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Visitors to the Ewoldt home are kept to a minimum, and only on Wednesday did Klein give the go-ahead for the family to take the twins out of the house for purposes other than medical appointments. They could attend church on Mother’s Day, for example.
“The girls look good enough now they can sneak in late and leave early,” Klein said. “The family can go on a walk. But I don’t want anyone touching (the twins). They still need protected from viruses. It’s important to not let people touch them.”
A fragile start
Many babies born as early as the Ewoldt twins have problems with their bowels, hearts, eyes and other major organ systems that can lead to lifelong obstacles. While Keeley and Kambry dodged those complications, there were others.
The girls survived surgery in utero at 17 weeks gestation to correct twin-twin transfusion syndrome (TTTS), a rare condition in which abnormal formation of blood vessel connections between identical twins create uneven blood flow between the babies. The condition can be fatal.
After the girls were born, Keeley had heart surgery to close a vessel that, left intact after birth, can cause heart failure. Kambry was in isolation with a low count of cells vital to the immune system, the result of having been the TTTS donor twin.
Their skin was fragile enough to tear at the slightest touch, and their eyelids weren’t fully formed. Respirators kept them breathing and stimulation — like light, sound and touch — was limited to protect brain development.
But under the watchful eyes and caring hands of NICU doctors and nurses, the girls have beaten the odds.
Though the twins are now 5 months old, their progress is monitored based on their “adjusted age.” Adjusted age is the age of a baby based on his or her due date. Keeley and Kambry were due on March 29, which makes their adjusted age 6 weeks old.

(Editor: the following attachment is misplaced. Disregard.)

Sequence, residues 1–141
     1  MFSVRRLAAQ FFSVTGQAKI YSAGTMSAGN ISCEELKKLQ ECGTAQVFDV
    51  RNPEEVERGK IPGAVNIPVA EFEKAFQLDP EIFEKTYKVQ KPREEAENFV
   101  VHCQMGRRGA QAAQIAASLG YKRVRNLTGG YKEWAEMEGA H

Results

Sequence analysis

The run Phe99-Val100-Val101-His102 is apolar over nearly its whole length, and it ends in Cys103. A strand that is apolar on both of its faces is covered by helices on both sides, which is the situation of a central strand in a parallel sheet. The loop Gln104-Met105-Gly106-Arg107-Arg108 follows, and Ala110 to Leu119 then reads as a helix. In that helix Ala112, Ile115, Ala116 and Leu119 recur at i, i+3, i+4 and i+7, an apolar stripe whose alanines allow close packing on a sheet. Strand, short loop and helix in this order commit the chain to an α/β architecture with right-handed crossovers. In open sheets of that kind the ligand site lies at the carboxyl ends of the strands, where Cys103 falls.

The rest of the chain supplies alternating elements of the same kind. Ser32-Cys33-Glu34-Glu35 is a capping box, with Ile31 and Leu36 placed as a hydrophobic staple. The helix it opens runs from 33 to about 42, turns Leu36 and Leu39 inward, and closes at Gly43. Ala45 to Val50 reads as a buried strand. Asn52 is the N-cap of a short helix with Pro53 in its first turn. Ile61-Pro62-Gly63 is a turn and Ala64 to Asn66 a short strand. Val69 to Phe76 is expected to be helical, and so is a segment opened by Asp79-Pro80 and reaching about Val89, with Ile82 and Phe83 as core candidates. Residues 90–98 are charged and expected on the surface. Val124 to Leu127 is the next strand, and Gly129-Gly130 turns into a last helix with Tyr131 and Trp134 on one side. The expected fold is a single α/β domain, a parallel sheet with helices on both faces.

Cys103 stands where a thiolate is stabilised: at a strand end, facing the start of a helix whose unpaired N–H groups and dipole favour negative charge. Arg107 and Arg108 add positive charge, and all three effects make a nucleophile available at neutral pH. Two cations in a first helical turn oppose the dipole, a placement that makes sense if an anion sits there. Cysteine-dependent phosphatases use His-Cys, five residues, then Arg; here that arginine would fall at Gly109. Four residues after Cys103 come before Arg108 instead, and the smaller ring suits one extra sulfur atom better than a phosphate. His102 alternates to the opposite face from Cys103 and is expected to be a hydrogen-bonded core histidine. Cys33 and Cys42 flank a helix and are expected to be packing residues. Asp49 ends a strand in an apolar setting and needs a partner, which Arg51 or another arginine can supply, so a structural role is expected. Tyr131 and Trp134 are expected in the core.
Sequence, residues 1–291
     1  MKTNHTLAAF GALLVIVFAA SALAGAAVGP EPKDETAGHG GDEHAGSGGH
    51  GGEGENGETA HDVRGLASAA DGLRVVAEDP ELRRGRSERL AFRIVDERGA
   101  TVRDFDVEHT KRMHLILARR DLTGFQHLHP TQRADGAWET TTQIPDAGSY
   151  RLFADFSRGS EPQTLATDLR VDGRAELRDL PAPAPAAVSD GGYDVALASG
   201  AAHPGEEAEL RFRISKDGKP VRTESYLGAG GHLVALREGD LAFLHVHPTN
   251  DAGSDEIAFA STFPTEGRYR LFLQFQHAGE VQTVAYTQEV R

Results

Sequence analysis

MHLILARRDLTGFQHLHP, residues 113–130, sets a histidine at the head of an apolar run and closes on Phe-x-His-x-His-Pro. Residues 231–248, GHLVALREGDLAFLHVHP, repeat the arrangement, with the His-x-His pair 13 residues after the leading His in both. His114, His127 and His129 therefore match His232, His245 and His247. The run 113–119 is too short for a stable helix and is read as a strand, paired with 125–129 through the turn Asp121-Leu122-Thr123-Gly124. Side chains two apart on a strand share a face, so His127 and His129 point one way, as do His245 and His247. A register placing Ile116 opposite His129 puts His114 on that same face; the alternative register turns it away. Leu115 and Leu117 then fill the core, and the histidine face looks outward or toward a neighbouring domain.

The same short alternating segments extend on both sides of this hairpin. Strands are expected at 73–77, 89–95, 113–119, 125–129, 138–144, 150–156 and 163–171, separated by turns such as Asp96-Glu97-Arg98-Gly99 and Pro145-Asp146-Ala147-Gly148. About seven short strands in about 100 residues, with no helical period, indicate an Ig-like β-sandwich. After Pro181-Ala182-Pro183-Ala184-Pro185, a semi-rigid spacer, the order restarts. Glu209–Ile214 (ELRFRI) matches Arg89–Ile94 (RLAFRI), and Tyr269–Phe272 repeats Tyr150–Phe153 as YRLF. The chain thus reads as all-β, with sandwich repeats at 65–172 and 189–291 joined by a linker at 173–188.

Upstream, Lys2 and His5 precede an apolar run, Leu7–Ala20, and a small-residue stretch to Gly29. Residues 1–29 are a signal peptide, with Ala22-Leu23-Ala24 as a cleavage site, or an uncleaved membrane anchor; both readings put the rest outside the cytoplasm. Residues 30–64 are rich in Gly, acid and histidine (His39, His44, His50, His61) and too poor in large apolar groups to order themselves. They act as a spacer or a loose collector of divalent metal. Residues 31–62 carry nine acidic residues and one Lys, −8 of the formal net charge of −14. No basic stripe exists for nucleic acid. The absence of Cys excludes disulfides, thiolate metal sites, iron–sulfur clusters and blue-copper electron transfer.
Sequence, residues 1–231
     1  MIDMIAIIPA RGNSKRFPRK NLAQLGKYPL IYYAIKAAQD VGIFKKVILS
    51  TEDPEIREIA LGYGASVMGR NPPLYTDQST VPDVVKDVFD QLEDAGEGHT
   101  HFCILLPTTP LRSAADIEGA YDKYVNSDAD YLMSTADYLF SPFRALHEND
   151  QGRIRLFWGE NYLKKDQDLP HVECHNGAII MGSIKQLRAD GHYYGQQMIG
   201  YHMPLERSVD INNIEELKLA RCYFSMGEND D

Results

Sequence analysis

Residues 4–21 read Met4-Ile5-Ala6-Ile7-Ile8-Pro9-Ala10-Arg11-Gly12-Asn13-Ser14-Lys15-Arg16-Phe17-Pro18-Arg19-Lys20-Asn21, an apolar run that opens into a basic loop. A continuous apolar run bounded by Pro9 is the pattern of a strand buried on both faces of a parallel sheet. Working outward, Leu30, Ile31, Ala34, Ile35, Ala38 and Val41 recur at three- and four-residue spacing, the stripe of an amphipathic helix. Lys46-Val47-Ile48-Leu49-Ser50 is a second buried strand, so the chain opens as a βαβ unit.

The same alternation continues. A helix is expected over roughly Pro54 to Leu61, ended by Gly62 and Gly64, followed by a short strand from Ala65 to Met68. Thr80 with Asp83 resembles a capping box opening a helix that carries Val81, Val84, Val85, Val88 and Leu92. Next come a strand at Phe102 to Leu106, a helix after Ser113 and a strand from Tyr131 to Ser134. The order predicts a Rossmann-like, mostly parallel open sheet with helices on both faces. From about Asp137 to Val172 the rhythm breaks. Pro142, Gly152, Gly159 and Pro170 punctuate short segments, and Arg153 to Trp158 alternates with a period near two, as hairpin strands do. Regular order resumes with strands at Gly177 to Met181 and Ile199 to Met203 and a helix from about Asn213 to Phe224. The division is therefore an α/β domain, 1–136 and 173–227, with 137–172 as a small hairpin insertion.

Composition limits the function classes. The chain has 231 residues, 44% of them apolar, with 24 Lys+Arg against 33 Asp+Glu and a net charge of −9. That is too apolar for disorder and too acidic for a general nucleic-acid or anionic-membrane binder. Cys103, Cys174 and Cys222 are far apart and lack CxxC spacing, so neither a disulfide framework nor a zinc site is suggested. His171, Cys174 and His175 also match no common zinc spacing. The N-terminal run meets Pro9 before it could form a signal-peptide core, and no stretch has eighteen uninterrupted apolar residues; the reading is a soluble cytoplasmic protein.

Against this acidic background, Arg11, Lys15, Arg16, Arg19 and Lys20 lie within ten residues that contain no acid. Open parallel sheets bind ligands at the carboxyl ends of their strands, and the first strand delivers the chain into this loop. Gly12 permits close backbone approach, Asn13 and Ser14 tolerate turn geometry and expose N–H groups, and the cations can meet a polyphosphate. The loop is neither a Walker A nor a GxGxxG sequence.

Klein said the girls are on track developmentally.
“They are behaving like a 4- to- 6-week-old would behave — very feisty,” Klein said. “It’s a testament to how hard the family is working. A lot of the credit goes to them.”
The twins’ personalities continue to develop also, Ewoldt said.
“Since they were born we could always tell who was chill and easy-going. Keeley is kind of a spitfire. She really loves getting someone to pick her up. Kambry is the chill girl. It’s kind of fun to see them be so alert; they are at home and seeing so many different objects. It’s really been a blessing to watch.”
Based on the twins’ current developmental levels, Klein said he expects they’ll be of normal development long term.
“I always prefer to be strongly optimistic so we don’t label the babies,” he said. “I expect all of our patients to have a good outcome.”
The Ewoldts expect the same and act accordingly.
“Every move we make we wonder could this be something that would harm the girls,” Ewoldt said. “That, and prayer. We give it up to God. He knows the needs the girls have.”
A GoFundMe page has been set up at https://www.gofundme.com/fightfortheewoldttwins to help the family with expenses related to the twins’ care.
The Courier cannot verify the authenticity of any online fundraiser; please research before donating.